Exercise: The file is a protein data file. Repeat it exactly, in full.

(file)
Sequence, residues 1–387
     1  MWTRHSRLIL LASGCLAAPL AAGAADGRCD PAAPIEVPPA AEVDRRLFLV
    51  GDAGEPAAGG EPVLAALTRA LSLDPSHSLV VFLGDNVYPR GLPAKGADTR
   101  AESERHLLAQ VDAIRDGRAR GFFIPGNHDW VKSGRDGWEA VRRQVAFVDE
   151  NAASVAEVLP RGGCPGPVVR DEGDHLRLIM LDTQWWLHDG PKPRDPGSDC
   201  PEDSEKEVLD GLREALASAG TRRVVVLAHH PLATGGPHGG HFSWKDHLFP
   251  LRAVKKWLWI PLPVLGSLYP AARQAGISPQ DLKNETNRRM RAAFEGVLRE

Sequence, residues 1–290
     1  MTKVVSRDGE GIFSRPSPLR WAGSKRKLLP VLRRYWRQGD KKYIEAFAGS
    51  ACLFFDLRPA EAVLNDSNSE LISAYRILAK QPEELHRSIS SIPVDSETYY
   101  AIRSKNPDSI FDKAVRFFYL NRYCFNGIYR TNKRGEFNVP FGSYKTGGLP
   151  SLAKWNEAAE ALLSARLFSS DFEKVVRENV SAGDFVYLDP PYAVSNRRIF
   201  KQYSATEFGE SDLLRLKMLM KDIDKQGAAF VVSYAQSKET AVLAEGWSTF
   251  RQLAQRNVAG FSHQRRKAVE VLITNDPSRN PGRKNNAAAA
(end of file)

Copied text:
Sequence, residues 1–387
     1  MWTRHSRLIL LASGCLAAPL AAGAADGRCD PAAPIEVPPA AEVDRRLFLV
    51  GDAGEPAAGG EPVLAALTRA LSLDPSHSLV VFLGDNVYPR GLPAKGADTR
   101  AESERHLLAQ VDAIRDGRAR GFFIPGNHDW VKSGRDGWEA VRRQVAFVDE
   151  NAASVAEVLP RGGCPGPVVR DEGDHLRLIM LDTQWWLHDG PKPRDPGSDC
   201  PEDSEKEVLD GLREALASAG TRRVVVLAHH PLATGGPHGG HFSWKDHLFP
   251  LRAVKKWLWI PLPVLGSLYP AARQAGISPQ DLKNETNRRM RAAFEGVLRE

Sequence, residues 1–290
     1  MTKVVSRDGE GIFSRPSPLR WAGSKRKLLP VLRRYWRQGD KKYIEAFAGS
    51  ACLFFDLRPA EAVLNDSNSE LISAYRILAK QPEELHRSIS SIPVDSETYY
   101  AIRSKNPDSI FDKAVRFFYL NRYCFNGIYR TNKRGEFNVP FGSYKTGGLP
   151  SLAKWNEAAE ALLSARLFSS DFEKVVRENV SAGDFVYLDP PYAVSNRRIF
   201  KQYSATEFGE SDLLRLKMLM KDIDKQGAAF VVSYAQSKET AVLAEGWSTF
   251  RQLAQRNVAG FSHQRRKAVE VLITNDPSRN PGRKNNAAAA